Horse Protection Society of North Carolina Inc.

Serenity

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Serenity.jpg

Serenity came from Carol Lewis's American Saddlebreds seized in 1999 by the Cabarrus County Sheriff Department.  After all the dead were counted, Serenity was one of the 29 still standing.  This is part of her story as told by her friend, Deanna. 

HPS was looking for volunteers to handle a large herd of horses seized by the county.  At the time, I was green, green, green and a danger to myself.  When I joined HPS, Joanie taught us new volunteers how to catch horses for farrier and vet visits, pictures for court, etc.  Well, these were American Saddlebreds and what was worse, they had been mishandled, neglected, and abused for years.
 
During this time, I learned from Joanie how to handle horses with truly broken spirits.  This was not easy.  I still remember my first day there, it was beginning to rain and Joanie was bringing in the worst who needed shelter.  There was a white horse who Joanie asked me to help her come in and I still cry for her.  She was foundered and had horrendous abcesses on her body; we would have to put her down soon but that day she wanted to live.  Almost walking on her knees, she came into the barn.
 
Serenity was one of these terribly abused horses.  She was an angry creature--there's no other way to say it.  She would let people walk up and pet her then she would pin her ears, do a 180-degree turn, and nail 'em.  She would even attack people in her field that didn't approach her.   She was angry with life.

My heart broke for Serenity.  I could see the intelligence in her eyes.  So what, she was angry, I'd be angry, too.  It took me a few more years of therapy to understand that is why I related to her so well, we were both throw aways, and I wanted something better for her.

I went through the process to "adopt" Serenity.  I even boarded her on HPS property for a while just to be sure I wasn't in over my head.  She kicked me a few times and I got up and handled it.  One day some children were in the barn and they upset her so she kicked me through the barn door.  I landed squarely under Dakota which was worse because he wasn't known for his gracefulness.
 
Soon, we moved to a boarding facility and our relationship grew unbelievably.  Because of her background she had her own pasture and run.  She couldn't go in with the other horses because she was still attacking.  I visited her every day, rain or shine, and brushed her and picked her pasture, and that is what I think made us.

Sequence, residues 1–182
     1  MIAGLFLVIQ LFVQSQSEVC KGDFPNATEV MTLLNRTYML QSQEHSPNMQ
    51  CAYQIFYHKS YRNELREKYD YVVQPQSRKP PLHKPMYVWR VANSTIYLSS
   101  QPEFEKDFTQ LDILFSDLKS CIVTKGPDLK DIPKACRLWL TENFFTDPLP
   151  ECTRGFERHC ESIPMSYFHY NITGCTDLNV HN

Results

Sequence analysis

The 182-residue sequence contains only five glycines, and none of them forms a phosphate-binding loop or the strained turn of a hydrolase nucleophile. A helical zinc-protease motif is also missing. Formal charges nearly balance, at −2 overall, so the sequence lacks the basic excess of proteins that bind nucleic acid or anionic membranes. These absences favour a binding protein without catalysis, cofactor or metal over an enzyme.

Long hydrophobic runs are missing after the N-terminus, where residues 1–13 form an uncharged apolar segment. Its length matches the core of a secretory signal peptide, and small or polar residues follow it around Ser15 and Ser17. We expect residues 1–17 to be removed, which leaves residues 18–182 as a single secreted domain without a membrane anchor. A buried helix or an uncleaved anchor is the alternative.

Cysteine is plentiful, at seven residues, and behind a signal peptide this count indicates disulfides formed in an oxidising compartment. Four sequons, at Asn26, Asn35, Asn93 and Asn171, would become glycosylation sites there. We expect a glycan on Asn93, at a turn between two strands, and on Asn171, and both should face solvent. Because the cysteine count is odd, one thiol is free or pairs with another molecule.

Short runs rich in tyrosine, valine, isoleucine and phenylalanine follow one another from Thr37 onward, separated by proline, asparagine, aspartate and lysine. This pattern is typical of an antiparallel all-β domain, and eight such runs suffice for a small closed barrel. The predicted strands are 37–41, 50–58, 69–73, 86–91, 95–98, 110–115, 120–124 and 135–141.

See, I was and am still the one constant in her life for the last 10 years.  She loves me and I love her.  She nickers when I walk into the barn.  When she is in the field, she runs up to me at the fence line.  I took care of her when she was sick:  1 abcess in the foot, 2 cases of mastitis (old brood mare's often get this) and a bout of pneumonia. 
 
I never adopted her thinking I would ride her.  I didn't know how to ride.  I only knew how to take care of her and that nobody else wanted her.  But amazingly enough after a few years we had a bond and I was able to ride her for several years.  When I started having trouble mounting her, I called Dr Smokey Puckett who was use to her by now (she is still not very keen on men) and had treated her mastitis and pneumonia,...anyway, he noticed a scoliosis on her lower back and thought the saddle was making her uncomfortable.  My heart broke.  Smokey limited her riding weight to no more than 125 lbs and small saddles.  I was too heavy.  And so the story goes...

I bought another horse, Sea, to ride and went through the process of losing her to founder.  She grief foundered when her pasture mate was put down and just never got better.  A year and a half later when her tendons atrophied and there was talk of surgery, I made the decision to put her down.  I was heartsick.  That was the hardest decision I've ever made.  Suddenly, I understood what Joanie goes through.

But, I still have Serenity to love on.  Recently my 3 1/2-year-old granddaughter rode Serenity!  It was one of the best things in my life to see.  The  horse nobody wanted or trusted and my grandchild were riding and having a blast.  Of course, this picture doesn't give Serenity the credit she's due.  When the barn kids ride her, they all handle her reins with very light hands because Serenity is teaching them too.  But my granddaughter is too young yet, but soon....

By the way, my heart has healed and I have purchased another horse, Dare.  But Serenity comes first and she lets both Dare and I know it.  I never lay hands on Dare until Serenity is brushed and petted and walked.  Those are Serenity's rules to live by for a happy barn.

Horse Protection Society of N.C.
2135 Miller Rd  China Grove, N.C.  28023
hps@horseprotection.org   (704) 855-2978
501(c)3 Nonprofit